I asked where the bottle of bourbon could be found and she did the honors for me, returning quickly, and suggesting we go to the backyard where we could talk. And Sara could talk and talk and talk. Her career quest was a position with the State Department and Foreign Services, hopeful of a position in the Middle East. When I showed a bit of knowledge about the Socio-Economic situation in said region, she really got going. It another hour and four more glasses of bourbon to get through her treatise on Women and the Middle East.

Around eleven-thirty I decided enough was enough. I found Sara compelling, interesting and somewhat seductive.

“You have a smoke?” She asked suddenly.

“Sure. Another social smoker?”

“We all have our vices, not matter how temporary.”

“As long as you can manage them, I say indulge.”

“I have another vice.”

“Do you?”

“I do. Wanna hear it?”

“No. I can guess.”

“Really? That confident?”

“No, but you’re a terrible poker player, yeah? You have easy tells.”

“I don’t.” Sara laughed, then whispered, “Okay, tell me.”

For the better part of the evening she had not left my side, frequently held my arm or put her arm around my back when we sat by the fire. Sara brushed her hair from her eyes, unconsciously touched her mouth, and stared at me when across the room retrieving another drink or talking to a departing friend. I told her this. She fell silent.

“I see.” Sara sobered. “So you know my other vice?”

“Sure.”

Of course, at this point I am bluffing. Big time. Even at the height of my arrogance mixed with several generous helpings of a fairly decent bourbon I could never tell what a woman thinks. Most men can’t and, as a point of fact, shouldn’t. The woman’s mind is best left a mystery.

“Oh.”

“So I have to leave. Tomorrow’s a big day.” Truthfully the next day, December 24th, would be a big day. I had not yet purchased a single Christmas gift and while the list isn’t long the expectations of the recipients was significant.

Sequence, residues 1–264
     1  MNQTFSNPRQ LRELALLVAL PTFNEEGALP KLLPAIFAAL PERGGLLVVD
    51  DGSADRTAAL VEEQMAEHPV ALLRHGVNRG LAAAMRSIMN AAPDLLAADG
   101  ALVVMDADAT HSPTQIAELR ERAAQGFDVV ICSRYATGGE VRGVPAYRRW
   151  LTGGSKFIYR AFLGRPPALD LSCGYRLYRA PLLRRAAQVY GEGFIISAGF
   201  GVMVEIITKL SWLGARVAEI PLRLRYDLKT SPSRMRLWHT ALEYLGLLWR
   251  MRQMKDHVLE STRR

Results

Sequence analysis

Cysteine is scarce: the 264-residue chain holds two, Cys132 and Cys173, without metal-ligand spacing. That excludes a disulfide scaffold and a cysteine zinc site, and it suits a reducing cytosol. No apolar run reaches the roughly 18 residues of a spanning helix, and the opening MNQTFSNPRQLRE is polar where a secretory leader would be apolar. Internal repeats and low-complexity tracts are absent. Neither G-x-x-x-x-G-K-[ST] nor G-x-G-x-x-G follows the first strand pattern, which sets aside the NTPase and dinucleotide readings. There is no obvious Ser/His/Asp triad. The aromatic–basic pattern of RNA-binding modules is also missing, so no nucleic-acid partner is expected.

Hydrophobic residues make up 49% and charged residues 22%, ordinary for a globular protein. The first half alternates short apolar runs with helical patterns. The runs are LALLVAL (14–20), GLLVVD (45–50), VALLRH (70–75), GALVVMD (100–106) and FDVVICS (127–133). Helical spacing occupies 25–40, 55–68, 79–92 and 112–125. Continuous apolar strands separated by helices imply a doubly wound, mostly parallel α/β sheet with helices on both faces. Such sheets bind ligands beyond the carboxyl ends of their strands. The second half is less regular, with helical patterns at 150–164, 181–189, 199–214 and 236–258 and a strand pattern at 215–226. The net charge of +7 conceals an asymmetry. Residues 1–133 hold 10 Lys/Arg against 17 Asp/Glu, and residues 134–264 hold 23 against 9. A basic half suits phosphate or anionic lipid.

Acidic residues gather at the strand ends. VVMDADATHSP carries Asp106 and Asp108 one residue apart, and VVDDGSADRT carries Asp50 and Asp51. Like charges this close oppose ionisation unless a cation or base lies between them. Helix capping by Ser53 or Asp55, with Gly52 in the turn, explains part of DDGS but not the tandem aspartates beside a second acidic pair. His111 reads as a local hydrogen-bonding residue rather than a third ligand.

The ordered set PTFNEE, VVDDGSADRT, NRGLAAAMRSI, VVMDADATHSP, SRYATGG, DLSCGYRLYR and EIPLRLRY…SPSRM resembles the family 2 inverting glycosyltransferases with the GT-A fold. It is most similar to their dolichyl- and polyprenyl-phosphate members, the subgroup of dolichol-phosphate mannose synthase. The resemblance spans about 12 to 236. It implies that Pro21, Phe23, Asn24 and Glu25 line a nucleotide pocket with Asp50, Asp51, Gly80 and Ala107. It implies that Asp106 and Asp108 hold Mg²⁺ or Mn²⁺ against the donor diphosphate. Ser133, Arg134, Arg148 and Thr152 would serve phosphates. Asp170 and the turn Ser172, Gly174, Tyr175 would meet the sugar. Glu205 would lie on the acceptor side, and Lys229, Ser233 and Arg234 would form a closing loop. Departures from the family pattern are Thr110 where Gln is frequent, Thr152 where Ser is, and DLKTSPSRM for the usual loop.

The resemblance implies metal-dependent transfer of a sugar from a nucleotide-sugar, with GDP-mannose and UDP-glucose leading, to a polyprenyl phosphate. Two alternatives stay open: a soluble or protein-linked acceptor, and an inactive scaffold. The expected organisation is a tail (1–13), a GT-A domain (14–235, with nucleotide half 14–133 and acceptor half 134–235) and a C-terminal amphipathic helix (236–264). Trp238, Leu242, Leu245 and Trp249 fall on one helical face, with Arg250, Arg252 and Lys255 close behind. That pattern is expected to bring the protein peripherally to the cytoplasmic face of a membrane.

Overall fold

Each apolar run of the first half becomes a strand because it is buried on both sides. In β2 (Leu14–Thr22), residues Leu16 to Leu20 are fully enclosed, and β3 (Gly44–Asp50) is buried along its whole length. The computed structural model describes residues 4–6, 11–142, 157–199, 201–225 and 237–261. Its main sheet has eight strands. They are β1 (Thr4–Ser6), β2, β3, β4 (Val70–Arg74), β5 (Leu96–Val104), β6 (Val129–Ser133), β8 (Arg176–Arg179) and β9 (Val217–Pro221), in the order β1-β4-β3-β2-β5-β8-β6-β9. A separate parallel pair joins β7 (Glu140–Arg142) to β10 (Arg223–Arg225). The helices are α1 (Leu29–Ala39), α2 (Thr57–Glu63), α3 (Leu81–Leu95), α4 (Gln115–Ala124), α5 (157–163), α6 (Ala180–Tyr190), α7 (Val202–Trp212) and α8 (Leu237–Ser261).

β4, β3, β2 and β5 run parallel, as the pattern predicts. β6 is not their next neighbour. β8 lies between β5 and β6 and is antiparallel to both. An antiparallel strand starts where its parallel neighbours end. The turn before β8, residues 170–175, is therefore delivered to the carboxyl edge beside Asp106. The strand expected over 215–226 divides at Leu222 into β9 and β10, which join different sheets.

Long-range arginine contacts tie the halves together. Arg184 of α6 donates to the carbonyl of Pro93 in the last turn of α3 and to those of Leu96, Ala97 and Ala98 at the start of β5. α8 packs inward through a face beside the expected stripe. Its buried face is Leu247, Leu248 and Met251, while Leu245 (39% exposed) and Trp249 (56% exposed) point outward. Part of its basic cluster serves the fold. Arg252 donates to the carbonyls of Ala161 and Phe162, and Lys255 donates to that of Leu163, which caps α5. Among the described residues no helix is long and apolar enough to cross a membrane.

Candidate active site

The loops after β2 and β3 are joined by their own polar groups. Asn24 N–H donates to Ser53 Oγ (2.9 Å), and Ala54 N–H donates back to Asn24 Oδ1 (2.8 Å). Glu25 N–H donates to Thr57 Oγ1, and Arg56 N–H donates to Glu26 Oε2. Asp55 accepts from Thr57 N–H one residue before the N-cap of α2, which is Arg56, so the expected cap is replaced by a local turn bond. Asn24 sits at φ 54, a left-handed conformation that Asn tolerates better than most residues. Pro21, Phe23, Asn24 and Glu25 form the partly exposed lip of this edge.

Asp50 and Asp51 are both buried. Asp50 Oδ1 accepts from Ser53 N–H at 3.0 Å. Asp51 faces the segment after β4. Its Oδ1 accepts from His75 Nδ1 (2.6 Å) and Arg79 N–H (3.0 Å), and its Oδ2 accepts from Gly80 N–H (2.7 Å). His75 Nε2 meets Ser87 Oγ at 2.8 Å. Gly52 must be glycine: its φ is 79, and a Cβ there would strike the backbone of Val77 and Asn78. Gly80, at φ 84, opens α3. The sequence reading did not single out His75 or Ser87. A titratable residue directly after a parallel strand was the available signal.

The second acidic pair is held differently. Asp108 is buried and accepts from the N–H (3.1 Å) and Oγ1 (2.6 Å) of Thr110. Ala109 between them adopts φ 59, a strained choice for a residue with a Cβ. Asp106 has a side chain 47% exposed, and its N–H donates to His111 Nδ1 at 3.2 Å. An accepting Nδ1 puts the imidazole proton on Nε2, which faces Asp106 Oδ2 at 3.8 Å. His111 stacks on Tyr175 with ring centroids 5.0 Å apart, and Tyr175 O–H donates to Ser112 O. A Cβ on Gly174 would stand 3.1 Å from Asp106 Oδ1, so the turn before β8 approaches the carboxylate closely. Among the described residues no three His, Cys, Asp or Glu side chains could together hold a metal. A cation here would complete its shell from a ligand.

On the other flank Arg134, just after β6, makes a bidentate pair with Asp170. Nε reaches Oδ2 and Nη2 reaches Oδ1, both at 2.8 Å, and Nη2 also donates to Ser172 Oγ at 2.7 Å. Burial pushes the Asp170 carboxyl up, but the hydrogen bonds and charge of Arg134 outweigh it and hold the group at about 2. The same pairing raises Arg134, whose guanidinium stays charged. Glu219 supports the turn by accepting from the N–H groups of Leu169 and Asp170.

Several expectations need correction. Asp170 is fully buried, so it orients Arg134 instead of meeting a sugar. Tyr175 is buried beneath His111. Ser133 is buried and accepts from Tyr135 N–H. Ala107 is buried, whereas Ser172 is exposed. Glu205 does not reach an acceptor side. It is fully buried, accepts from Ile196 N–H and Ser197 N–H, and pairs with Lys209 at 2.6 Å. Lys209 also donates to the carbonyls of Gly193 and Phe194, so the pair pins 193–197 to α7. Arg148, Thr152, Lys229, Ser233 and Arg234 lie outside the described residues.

“Okay. Well, it was nice to meet you.” Sara stood, shook my hand, and walked away.

“Huh.” I muttered.

It took a few minutes to find the host and thank him for the invite. In the few minutes we stood on the front porch I remembered a bottle of wine I meant to give him as a gift. When I got to my car I found Sara leaning against the driver’s door smoking a cigarette.

“You weren’t leaving like that, where you?” Sara said.

“I guess not.”

I retrieved the bottle and returned to the host. He showed genuine surprise at the label and shook my hand again.

“Merry Christmas,” he said.

“And to you.”

When I made it back to my car I found Sara in my front seat.

“Have you ever written a blurb for Teenaged Babysitter’s Gone Wild 7?”

I thought a moment.

“I think so. I did the whole series, I must have.”

“Did you watch it?”

“I dunno. Probably not.”

“Maybe you should.” She turned to me with a Grinch smile wrapped across her lips. “Or I could just reenact it.”

“Yeah?” I engaged the key and started the car. “Ain’t that something.”

“What’s that? Not the vice you were thinking?”

“No I actually got it right for a change.”

“Really?” Sara leaned in to kiss me, her hand drifting across my zipper. “I wouldn’t have guess that.”

“I don’t live that far.”

As I got out of my car in the garage I walked past a box of DVDs. Each one I had written the blurb. At the top of the stack sat Teenaged Babysitter’s Gone Wild 7, the only title that had been opened and watched.